Emerging Technology

Identifying and researching emerging tech with the potential to enrich or disrupt the real estate industry.

Envisioning the Future

Trying to Predict the Future Is Fraught with Peril

Few would argue that we are living in turbulent times. Experts across disciplines have adopted an acronym for the current business environment that was first coined by the U.S. military to describe the chaotic situations in modern war-torn landscapes: VUCA, which stands for volatility, uncertainty, complexity, and ambiguity. This is how we now describe our current business environment.

Volatility, amplified by accelerating change, produces a world in which social, cultural, and technological progress is exponentially increasing in ever-shorter intervals. Despite our outward desire to embrace creativity, studies have demonstrated that our innate desire to reduce uncertainty actually works to sabotage our innovative efforts. Additionally, there is more than technology driving the complexity of today’s environment. Societal, economic, environmental, legal, and political drivers are colliding with technological advancements to create new challenges and, more importantly, new opportunities.

If uncertainty is when the variables are defined but their values are unknown (like rolling a set of dice), then ambiguity is when even the variables are unknown (do you even have a set of dice?). Businesses that focus solely on planning around uncertainty delude themselves into thinking they have a handle on things.

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When contemplating the future, we instinctively think of the “top trend” lists always making headlines. For most, the word trend has become synonymous with the future. But trends are not the future. Trends are visible because they are occurring today. They represent the present. Trends can be our worst enemy; they keep us connected to what is immediate and surrounding us but fail to stretch us to see what is changing, what is emerging, and what is possible.

The good news is you, my friends, are the future. You are creating it every day. Every time you talk about using new technologies, test the latest generative AI tool or read articles like this one, you are setting a future in motion.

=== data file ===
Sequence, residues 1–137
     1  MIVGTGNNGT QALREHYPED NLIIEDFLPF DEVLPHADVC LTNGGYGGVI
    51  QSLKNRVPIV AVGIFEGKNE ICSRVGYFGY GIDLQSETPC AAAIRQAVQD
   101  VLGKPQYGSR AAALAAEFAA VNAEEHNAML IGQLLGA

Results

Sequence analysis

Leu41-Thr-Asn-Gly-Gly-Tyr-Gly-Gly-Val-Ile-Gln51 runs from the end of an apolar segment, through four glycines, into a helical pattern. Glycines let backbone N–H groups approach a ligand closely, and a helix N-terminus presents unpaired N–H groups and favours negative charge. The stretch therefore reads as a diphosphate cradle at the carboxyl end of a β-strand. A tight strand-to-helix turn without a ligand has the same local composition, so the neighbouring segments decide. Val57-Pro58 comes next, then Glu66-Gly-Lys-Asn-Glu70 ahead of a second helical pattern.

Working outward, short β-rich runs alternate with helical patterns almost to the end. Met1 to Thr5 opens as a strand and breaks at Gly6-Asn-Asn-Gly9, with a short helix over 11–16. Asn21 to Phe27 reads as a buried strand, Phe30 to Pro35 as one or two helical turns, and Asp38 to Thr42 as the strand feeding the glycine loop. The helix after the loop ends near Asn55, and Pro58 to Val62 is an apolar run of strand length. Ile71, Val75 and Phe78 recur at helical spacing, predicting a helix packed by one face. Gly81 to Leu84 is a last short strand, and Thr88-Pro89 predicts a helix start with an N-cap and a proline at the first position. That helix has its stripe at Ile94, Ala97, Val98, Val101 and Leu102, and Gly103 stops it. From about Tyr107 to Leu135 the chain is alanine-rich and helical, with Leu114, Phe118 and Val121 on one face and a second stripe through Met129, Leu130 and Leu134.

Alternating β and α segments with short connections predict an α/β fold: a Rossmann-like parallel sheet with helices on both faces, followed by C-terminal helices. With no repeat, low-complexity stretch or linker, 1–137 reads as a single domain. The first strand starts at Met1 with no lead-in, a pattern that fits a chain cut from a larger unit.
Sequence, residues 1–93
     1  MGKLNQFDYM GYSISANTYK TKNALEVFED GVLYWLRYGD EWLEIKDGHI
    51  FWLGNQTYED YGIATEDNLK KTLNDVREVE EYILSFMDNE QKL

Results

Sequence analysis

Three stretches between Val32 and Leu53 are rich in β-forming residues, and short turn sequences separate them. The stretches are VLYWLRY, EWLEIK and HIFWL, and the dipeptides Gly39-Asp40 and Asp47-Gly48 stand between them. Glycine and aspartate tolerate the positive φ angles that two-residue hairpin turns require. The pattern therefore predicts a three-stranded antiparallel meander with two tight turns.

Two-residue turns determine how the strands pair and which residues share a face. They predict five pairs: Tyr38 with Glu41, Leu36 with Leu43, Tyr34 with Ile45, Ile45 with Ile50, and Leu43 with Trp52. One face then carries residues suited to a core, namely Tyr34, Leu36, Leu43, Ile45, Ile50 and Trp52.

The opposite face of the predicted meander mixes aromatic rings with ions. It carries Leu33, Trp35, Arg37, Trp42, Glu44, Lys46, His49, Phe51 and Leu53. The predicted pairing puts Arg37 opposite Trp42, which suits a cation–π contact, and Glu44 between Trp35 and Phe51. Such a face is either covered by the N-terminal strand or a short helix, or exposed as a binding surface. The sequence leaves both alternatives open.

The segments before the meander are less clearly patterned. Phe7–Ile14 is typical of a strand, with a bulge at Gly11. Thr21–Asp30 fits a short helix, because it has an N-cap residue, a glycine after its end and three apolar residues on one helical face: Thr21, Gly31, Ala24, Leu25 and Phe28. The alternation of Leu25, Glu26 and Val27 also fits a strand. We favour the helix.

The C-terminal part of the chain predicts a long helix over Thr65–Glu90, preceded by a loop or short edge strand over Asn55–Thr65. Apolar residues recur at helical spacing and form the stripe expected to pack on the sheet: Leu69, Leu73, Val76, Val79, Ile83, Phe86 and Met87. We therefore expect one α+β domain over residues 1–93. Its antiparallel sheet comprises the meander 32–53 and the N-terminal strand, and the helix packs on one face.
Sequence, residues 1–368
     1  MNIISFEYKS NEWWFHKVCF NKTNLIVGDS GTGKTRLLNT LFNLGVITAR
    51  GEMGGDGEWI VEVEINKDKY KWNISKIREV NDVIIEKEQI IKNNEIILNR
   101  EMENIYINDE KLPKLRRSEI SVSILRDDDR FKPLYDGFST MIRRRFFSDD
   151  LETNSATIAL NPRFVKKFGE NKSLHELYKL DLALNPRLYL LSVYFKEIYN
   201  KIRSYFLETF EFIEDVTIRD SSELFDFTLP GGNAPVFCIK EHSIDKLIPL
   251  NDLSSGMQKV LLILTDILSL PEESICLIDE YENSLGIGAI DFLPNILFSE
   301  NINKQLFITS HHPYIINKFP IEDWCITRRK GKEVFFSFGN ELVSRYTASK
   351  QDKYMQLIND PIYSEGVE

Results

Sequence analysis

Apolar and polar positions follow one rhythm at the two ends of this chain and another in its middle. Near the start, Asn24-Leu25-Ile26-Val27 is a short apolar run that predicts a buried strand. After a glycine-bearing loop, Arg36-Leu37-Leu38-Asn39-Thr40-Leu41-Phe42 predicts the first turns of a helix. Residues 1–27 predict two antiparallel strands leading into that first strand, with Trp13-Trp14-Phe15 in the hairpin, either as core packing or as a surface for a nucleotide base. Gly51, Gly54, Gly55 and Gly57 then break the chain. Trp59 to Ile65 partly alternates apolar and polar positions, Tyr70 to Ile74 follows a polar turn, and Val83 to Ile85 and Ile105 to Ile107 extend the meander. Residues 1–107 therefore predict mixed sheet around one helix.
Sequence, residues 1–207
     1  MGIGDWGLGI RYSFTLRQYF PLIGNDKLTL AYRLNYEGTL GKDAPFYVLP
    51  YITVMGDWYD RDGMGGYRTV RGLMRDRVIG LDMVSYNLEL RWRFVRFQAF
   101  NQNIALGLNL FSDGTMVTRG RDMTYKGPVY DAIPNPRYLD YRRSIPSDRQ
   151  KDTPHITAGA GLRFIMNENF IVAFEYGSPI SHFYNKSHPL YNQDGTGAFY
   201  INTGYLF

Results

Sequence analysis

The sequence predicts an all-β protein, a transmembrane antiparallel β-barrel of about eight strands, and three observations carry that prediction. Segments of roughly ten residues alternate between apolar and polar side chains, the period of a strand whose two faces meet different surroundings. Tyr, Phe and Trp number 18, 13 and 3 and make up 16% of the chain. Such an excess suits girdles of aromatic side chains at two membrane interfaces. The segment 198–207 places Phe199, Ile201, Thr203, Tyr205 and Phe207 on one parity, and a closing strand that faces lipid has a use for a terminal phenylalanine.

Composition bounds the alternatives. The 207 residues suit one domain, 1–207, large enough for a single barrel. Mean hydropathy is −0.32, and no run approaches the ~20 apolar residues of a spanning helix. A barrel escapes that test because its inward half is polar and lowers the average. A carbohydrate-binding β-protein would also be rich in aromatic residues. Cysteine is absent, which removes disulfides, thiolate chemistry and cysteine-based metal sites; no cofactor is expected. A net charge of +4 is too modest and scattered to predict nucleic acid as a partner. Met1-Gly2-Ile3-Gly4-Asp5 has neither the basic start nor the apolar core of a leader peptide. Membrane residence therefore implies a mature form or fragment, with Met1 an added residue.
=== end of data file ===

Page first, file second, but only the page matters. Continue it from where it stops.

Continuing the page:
As a Certified Foresight Practitioner (futurist), I have the privilege of researching and thinking about the long-term impact of innovation. I leverage a framework called strategic foresight that compels me to:

  • Challenge biases and old ways of thinking,
  • Scan the environment from a macro, meta and micro perspective,
  • Analyze signals evaluating them from a societal, technological, economic, environmental, and political (STEEP) perspective,
  • Develop future scenarios and implications from a utopian and dystopian perspective.

Yet regardless of your profession, what frameworks you use, or experiences you’ve had, I most often see the same mistakes made when thinking about the future. We evaluate trends already happening and gravitate toward one end of a future spectrum and act as if “the die is cast.” Think about generative AI: Never has technology been so quickly embraced and feared. The public sentiment quickly chose a side with very few people indifferent. It is either the greatest innovation since the smartphone and if you dismiss it, you’ll be left behind. Or the singularity is coming, and we need to curb our enthusiasm and regulate before AI eliminates jobs or even humankind. We act as if the future happens to us, so we plan feverishly and try to mitigate risk.

Man Plans, and God Laughs

The future doesn’t just “happen to us.” We can… we must… be an active participant in its creation because our future is being built on ideas far bigger and far more amazing than anything in the past. Our vision of the future determines our actions today so if we change people’s visions of the future, we can change the way they make decisions. 

You need not be trained in foresight or strategy to change people’s vision of the future. You do, however, need to be thoughtful and more importantly, intentional. Whether you’re thinking about where your children will be going to college or trying to create the best future for their great grandchildren, I’ve found one analogy and three lenses in which to view the future very helpful.

First, the analogy. The future exists across a spectrum, with two distinct ends: the push and the pull of the future. Most people focus solely on the push of the future. This end of the spectrum represents the trends and emerging issues coming at us, pushing us into the future regardless of our actions. On the other end of the spectrum is the pull of the future. This represents our ability to identify and create our preferred future.